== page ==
Whitney Houston Gets Down & Dirty

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You must have been offered lots of movie roles. What made you decide to do 'The Bodyguard'?
[Long silence] Hmmmmm. I want to say something else about what we were just talking about. You know, Bobby . . . these people . . . I want to get something straight. I've heard a lot about my husband being this womanizer. You know: "He's a womanizer, he's got three illegitimate children, da-da-da-da-da-da" you know that whole thing? I just want people to understand something: My husband has never, never, disrespected any woman. Any woman that he's wanted has wanted him. And I want people to know that my husband's a good person. He's a respectable human being. He was raised with respect. And I just wish they would stop trying to make him out to be this man who just goes around and arbitrarily says, "I want her, and I'm gonna screw her."

He loves being married, and he's respectful to his marriage. He respects me, and I respect him. I'm tired of people talking about him like he's this bad guy and he has no respect for me or his marriage. That's bullshit. He does. And anybody who knows him knows that's true. Okay, now we can go on to The Bodyguard.

I got a call saying that there is a script that Kevin Costner has, called The Bodyguard, that he wanted me to do. He wanted me to costar with him. I went, "Yeah, sure." Then I called my agent, and she said, "Yeah, it's true." So I read the script. I liked the story, but in the beginning Rachel was very rough, very hard – a little bitch.

Were you concerned that because Rachel is a singer, people would confuse her with you?
You know what I was concerned about? That people would dog me before they gave me the opportunity to do the job. Making the transition from a singer to an actress made me apprehensive. Like "Can I really do this?"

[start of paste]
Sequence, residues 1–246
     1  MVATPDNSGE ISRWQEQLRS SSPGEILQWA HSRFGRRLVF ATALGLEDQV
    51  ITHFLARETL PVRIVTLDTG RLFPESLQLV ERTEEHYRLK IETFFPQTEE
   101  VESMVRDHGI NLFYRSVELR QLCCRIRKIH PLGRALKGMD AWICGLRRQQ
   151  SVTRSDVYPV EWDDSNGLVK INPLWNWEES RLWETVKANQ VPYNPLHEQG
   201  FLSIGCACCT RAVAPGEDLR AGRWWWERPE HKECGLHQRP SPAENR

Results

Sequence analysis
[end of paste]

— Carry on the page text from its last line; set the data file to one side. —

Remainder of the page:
Had you been pursuing roles?
I wanted to do some acting, but I mean, I never thought I'd be costarring with Kevin Costner! I thought, "I'll just get this little part somewhere, and I'll work my way up." And all of a sudden I get this script, and I said: "I don't know. This is kind of . . . big." So I was scared. It took me two years to decide to do it. I kind of waited too long for Kevin. I think it got on his nerves. He called one day and said, "Listen, are you going to do this movie with me or not?" I told him about my fears. I said: "I'm afraid. I don't want to go out there and fall." And he said: "I promise you I will not let you fall. I will help you." And he did.

Were you concerned about the interracial aspect of the film?
No. Nobody made an issue of that, not from when we started to the end. People loved this movie – the critics dogged it, but people loved it. They weren't looking at a black person and a white person, they were looking at two people having a relationship.